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Noted Collector of Conceptual Art Dies –

Noted Collector of Conceptual Art Dies –


Noted Collector of Conceptual Art Dies –

Herman Daled, a Belgian collector who amassed one of the world’s most important collections of Conceptualist art, has died. Devrim Bayar, a curator at the WIELS Contemporary Art Centre in Brussels, where Daled formerly served as president, posted news of Daled’s death on Instagram on Monday.
Born in 1930, Daled had a vested interest in work that pushed at the very limits of what art could be, which led him to become one of the top European collectors of Conceptualism that placed a greater emphasis on ideas than aesthetics in an attempt to explore the systems that guide institutions and the art market. Much of his collection was amassed with his wife Nicole Daled-Verstraeten, whom he later divorced.

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Herman ranked on the ARTnews Top 200 Collectors list each year between 1990 and 1997, yet he often resisted the idea that he should be classified in such a way. “I don’t consider myself a collector,” he said in La collection qui n’existait pas, a 2014 documentary focused on Daled’s collecting practice.
During the 1960s and ’70s, Daled engrained himself within a community of European and American artists who were breaking new ground in their respective countries. In 1966, he acquired his first work, Marcel Broodthaers’s Maria (1966), a sculptural piece featuring a dress suspended from a hanger on a primed canvas along with a shopping bag adorned with eggshells. Daled bought the work from Broodthaers, a key figure in the history of European Conceptualism, on the day it was completed, and he went on to acquire dozens more pieces by the artist over the years.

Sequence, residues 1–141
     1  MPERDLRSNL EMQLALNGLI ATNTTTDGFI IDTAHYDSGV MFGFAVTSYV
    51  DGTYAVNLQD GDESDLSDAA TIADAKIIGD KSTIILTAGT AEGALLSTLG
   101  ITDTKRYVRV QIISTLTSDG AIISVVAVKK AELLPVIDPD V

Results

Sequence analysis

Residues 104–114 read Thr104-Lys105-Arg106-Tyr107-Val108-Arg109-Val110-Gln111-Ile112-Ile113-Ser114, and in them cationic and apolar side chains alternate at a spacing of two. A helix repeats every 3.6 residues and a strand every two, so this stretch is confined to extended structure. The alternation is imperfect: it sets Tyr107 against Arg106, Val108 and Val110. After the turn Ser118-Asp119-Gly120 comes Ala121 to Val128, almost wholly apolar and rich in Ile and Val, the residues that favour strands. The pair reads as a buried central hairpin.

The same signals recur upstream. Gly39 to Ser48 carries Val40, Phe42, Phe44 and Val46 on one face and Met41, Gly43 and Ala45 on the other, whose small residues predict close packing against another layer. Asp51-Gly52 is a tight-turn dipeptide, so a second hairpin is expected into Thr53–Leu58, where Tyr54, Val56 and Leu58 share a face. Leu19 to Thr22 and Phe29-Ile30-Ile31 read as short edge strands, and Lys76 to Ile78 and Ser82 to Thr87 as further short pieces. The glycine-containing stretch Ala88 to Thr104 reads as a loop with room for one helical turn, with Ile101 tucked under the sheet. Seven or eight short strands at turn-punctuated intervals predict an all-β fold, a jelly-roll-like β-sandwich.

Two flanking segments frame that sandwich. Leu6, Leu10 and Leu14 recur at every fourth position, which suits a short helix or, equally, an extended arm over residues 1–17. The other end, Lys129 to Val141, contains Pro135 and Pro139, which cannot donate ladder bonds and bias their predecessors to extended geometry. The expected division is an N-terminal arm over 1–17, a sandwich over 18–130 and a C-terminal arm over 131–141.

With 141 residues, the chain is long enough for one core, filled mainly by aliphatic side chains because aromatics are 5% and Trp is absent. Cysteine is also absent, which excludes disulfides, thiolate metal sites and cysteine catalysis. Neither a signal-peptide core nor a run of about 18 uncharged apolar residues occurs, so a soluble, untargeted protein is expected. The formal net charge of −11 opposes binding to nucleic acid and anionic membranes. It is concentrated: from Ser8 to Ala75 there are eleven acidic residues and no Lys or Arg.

The trailblazing spirit that guided Daled’s purchases also extended to the methods by which he bought works. He was careful to respect artists’ rights and often engineered unconventional contracts in order to acquire art. In 1970, Daled and his wife agreed to buy one work per month from artist Daniel Buren and nothing else, save for art by Broodthaers, for the course of a year. And in 1971, the Daleds re-purchased a work from Niele Toroni, increasing their sum this time to include the adjusted cost of living from when they initially bought it in 1969.
Daled’s collection has been considered key among experts in Conceptual art, but it was not widely known until the past decade, after an exhibition devoted to his holdings appeared at the Haus der Kunst in Munich in 2010. In interviews, Daled said that Chris Dercon, who was then the Haus der Kunst’s director, had been the driving force behind that show, which also included the publication of a book dedicated to Daled’s archives.

One year later, in 2011, the Museum of Modern Art in New York acquired 223 works from Daled’s collection, including pieces by Vito Acconci, James Lee Byars, Dan Graham, On Kawara, Sol Lewitt, and Toroni. Also included were some of the most famous works by Broodthaers, including Maria, which figured in a 2015 retrospective devoted to the artist at the institution. Prints by Broodthaers that came from the Daled collection are now on view at the museum in its permanent collection galleries. Glenn Lowry, MoMA’s director, said in a statement at the time that the collection was “among the most significant acquisitions in the museum’s history.”
Daled worked as a radiologist and often said he drew inspiration from Albert Claude, a Nobel Prize–winning biologist who, in addition to performing innovative scientific work, made sure to helped support the growth of his era’s experimental music scene.
In the later stages of his life, Daled continued to be active in supporting the Belgian scene. He served as president of the board of the WIELS Contemporary Art Centre in Brussels, which opened in 2007 and is now among the country’s top contemporary art institutions.
Daled often said that he prized the challenging quality of the works he acquired, and in later years, he claimed the world had grown overly concerned with monumental art privileging visual pleasure. In 2011, he told the French-language Belgian publication La Libre, “Each time a work seemed beautiful to me, I turned away from it, telling myself that I already knew it.”

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